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Optimization of the Second Target Station cold source moderators using an automated workflow

by Kristel L Ghoos, Lukas Zavorka, Joel M Risner, Igor Remec
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Nuclear Instruments and Methods in Physics Research Section A: Accelerators, Spectrometers, Detectors and Associated Equipment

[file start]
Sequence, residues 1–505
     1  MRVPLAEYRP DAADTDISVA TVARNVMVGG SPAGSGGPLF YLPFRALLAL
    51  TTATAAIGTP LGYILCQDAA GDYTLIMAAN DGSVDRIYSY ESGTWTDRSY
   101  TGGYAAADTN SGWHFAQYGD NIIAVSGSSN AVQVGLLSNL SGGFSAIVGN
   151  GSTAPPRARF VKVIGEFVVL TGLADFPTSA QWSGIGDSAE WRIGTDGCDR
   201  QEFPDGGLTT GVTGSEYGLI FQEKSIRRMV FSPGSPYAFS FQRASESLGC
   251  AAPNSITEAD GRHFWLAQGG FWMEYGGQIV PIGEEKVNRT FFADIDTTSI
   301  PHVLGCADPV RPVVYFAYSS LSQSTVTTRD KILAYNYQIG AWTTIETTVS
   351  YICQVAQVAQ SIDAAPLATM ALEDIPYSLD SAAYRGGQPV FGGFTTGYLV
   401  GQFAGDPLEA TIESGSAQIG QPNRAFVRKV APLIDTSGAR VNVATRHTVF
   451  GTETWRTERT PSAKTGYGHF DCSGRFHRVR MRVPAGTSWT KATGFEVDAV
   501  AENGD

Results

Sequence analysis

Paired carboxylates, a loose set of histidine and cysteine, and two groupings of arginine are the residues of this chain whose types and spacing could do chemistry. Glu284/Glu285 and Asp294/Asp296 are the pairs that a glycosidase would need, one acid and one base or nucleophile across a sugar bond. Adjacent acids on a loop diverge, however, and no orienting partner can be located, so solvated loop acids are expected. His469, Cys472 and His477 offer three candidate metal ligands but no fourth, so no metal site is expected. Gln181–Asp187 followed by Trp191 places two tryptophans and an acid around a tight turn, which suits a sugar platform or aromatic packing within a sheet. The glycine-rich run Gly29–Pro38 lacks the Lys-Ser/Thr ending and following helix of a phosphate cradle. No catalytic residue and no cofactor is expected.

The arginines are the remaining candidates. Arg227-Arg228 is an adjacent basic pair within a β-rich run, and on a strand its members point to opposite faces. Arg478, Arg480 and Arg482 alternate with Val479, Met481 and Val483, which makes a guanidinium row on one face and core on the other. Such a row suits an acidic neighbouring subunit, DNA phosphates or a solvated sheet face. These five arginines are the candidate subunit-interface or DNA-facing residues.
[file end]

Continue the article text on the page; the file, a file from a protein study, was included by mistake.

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The Second Target Station (STS) at the US Department of Energy’s Oak Ridge National Laboratory is designed to become the world’s highest peak-brightness spallation source of cold neutrons. Successful completion of the STS, which is currently in the preliminary design phase, will provide transformative new capabilities to examine novel materials for future technologies. At STS, neutrons will be generated by spallation reactions in a solid tungsten target. They will be moderated and thermalized in two cold (20 K) para-hydrogen moderators. Careful optimization of these moderators is essential to the project’s success. To find optimal moderator designs, an advanced optimization workflow integrates high-fidelity neutronics calculations using the Monte Carlo N-Particle (MCNP) transport code MCNP6.2 with state-of-the-art optimization algorithms in the Dakota optimization toolkit. For each design iteration, a parametrized solid CAD geometry is generated in Creo and automatically converted into an unstructured mesh geometry by Attila 4MC for the neutronics calculation with MCNP. Iterations repeat until optimal designs are found. This paper presents the results of a sensitivity and optimization study for the cylindrical and tube moderators. Both moderators can be optimized for maximum peak brightness, maximum time-integrated brightness, or any combination between these extremes. Maximum peak brightness is achieved by using smaller optimal dimensions of the moderators, whereas maximum time-integrated brightness is achieved by using larger dimensions. A Pareto front details the designs that optimally balance both brightness metrics. The Pareto front can be found in only 40–110 iterations with 4–5 design parameters when using the efficient global and Pareto-set optimization algorithms in Dakota. Additionally, important engineering constraints can be taken into account, such as the coupling between the cylindrical moderator radius and aluminum vessel wall thicknesses required to ensure structural integrity of the vessels. This interaction has a significant impact on the resulting optimal designs. Our new, highly efficient, fully automated optimization workflow will be used to optimize additional STS components in the future and can be adopted for design and optimization studies at other experimental neutron and accelerator facilities.